“A Church without youth is a Church without a future. Moreover, youth without a Church are youth without a future.” Pope Shenouda III of Alexandria (1921-2012)
As the parents of three teenage daughters, my husband Tim and I are conscious of how teenagers are not simply the Church of tomorrow, which of course they are, but also the Church of the present. We are also keenly aware of the wonderful opportunity that parishes in our diocese have for helping shape teenagers as disciples of Jesus Christ.
Many North American studies indicate that the majority of Christians first began their journeys of faith before the age of 18, and that sharing the good news of God in Christ with others during their childhoods and teenage years can be particularly powerful. This should come as no surprise. During the critical years of late adolescence – a period when individuals are forming their understanding of the world around them, and are really trying to figure out their place in that world – it can be truly life-transforming for a person to hear that God loves them just the way they are (and that because of that love, God has no intention of leaving them that way!). I also believe that the message that our churches can offer – that there is a God who loves us, and who wants to partner with us to help transform the unjust structures in our society and to help create communities of hope and healing – is something that teenagers just might get out of bed for!
We have an opportunity in the coming years to make youth ministry a top priority in our parishes. In the past year, as I have gotten to know the churches of York-Credit Valley, I have seen numerous parishes that already have creative and dedicated ministries for teenagers, and others that currently offer little in this area. No matter where any parish might sit on this continuum, I believe that the Holy Spirit has a great deal in store for any church that decides to refocus its attention, energies and resources onto youth and youth ministry. I also believe that youth ministry needs to be a clear priority, not because of the aging demographics of our churches but because youth are human beings desperately in need of God’s love and mercy. Our strategic plan, Growing in Christ, has identified leadership and formation as one of its key priorities. Let us join in prayer together that we will seek transformative ways to shape in Christian love and wisdom the next generation of young leaders for our Church.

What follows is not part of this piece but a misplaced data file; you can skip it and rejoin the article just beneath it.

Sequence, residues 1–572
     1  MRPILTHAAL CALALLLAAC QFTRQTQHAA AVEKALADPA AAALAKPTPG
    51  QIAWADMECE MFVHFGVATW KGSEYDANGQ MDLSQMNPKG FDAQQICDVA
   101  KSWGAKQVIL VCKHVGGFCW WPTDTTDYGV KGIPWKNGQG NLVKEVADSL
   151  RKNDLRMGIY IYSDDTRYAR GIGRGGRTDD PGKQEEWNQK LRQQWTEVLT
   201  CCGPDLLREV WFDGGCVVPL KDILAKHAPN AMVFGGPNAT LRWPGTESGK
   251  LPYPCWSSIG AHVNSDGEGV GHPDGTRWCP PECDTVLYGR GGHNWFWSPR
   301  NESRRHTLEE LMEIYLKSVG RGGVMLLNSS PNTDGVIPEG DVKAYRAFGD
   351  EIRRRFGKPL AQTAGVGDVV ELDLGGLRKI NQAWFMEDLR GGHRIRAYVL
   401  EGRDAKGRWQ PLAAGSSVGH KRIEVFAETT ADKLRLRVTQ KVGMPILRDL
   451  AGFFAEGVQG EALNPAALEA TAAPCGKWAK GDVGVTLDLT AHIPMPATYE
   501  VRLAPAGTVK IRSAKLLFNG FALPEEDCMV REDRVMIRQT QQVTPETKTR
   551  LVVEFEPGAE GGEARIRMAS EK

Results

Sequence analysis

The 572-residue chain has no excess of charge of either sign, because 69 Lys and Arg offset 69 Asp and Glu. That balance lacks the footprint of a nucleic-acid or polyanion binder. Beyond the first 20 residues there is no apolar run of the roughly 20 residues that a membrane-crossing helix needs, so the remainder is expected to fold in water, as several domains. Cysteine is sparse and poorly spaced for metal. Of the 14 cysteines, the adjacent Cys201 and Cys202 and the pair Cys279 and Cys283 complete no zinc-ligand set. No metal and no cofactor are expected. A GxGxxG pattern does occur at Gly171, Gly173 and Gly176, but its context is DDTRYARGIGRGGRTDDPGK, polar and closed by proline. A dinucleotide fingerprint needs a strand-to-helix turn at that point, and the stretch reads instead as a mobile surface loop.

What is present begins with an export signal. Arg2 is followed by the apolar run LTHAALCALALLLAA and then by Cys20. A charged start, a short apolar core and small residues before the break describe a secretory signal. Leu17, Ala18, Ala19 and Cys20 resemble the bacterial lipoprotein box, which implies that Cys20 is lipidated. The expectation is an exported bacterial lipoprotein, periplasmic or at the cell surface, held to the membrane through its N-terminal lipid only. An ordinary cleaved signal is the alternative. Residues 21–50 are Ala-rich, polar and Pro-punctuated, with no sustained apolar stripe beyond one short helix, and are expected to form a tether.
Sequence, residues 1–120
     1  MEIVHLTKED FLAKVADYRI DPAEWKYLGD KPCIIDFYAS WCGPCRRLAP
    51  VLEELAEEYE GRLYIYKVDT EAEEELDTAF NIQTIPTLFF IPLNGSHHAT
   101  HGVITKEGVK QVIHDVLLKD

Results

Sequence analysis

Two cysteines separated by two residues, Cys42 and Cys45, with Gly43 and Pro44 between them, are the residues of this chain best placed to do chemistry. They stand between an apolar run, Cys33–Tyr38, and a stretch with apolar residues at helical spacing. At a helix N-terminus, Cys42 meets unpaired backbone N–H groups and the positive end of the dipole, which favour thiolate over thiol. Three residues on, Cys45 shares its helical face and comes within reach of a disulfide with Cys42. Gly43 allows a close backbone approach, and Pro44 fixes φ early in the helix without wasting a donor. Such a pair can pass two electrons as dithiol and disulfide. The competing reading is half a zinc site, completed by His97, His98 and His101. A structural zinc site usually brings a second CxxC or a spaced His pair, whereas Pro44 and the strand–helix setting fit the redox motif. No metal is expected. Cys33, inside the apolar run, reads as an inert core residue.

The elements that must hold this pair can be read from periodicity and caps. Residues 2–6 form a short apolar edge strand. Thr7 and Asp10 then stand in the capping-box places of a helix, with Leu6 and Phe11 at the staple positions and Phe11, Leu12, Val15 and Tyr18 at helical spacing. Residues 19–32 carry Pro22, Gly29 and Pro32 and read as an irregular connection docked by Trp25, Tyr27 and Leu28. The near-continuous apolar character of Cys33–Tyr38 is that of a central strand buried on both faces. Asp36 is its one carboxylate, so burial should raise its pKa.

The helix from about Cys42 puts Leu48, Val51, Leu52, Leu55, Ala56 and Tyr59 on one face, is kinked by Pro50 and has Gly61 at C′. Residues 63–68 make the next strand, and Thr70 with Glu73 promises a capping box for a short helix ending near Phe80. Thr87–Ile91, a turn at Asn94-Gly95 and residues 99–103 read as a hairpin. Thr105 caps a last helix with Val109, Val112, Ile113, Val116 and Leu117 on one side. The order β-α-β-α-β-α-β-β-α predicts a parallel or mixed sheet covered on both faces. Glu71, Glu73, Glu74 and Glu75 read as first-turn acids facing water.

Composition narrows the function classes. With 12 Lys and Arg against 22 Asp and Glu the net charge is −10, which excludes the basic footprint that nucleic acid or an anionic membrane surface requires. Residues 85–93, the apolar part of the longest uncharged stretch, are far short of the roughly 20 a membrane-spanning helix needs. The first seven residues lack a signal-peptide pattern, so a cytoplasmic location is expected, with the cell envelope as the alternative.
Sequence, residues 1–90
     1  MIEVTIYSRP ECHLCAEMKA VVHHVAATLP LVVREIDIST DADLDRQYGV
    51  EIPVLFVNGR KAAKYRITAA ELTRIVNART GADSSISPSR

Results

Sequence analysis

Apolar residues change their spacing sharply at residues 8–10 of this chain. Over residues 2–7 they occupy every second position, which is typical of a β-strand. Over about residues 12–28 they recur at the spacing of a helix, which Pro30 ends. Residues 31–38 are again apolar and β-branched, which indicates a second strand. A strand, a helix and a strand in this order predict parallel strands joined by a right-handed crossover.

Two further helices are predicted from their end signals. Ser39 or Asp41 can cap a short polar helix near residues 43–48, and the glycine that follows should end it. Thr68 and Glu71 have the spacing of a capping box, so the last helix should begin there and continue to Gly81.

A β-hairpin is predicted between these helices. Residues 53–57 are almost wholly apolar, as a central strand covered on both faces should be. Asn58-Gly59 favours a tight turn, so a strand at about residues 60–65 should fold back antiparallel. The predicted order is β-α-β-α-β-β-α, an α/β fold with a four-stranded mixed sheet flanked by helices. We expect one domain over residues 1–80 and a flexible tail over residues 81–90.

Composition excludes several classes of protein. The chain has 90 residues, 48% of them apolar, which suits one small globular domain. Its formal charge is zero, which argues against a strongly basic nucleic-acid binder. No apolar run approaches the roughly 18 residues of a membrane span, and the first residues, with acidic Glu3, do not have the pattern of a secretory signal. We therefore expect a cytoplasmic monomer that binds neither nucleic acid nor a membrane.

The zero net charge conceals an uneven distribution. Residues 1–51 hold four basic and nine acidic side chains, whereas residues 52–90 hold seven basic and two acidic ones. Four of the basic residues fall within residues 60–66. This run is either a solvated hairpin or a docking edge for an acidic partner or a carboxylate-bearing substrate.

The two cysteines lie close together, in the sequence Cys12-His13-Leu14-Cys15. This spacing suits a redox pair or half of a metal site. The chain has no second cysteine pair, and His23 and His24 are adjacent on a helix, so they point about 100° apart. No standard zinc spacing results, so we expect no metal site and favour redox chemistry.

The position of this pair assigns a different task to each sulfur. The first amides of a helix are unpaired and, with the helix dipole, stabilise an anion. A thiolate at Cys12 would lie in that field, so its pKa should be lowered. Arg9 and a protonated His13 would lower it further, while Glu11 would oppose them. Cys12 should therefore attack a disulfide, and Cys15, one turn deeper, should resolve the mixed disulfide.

What this means practically will differ from parish to parish. Some might hire a youth minister to strengthen and expand an existing youth program; many denominations that are planting churches in Canada make the hiring of a youth minister the essential second hire after the senior cleric. Our Diocesan Youth Ministry Apprenticeship Program (YMAP) has produced many fine youth ministers currently serving in our parishes, and YMAP can be expanded. Other parishes, which may have a handful of teens, might begin a mentoring program, where older parishioners will befriend teens and begin to read the scriptures with them and look for ways to serve together. And parishes in neighbourhoods where there are currently few teenagers might decide to partner with a parish in the Canadian north, to help financially support its existing youth ministry.
Whatever our context, there is work that God calls each of us to do in sharing with teenagers the joy that is already ours. “For you have been my hope, Sovereign Lord, my confidence since my youth” (Psalm 71:5).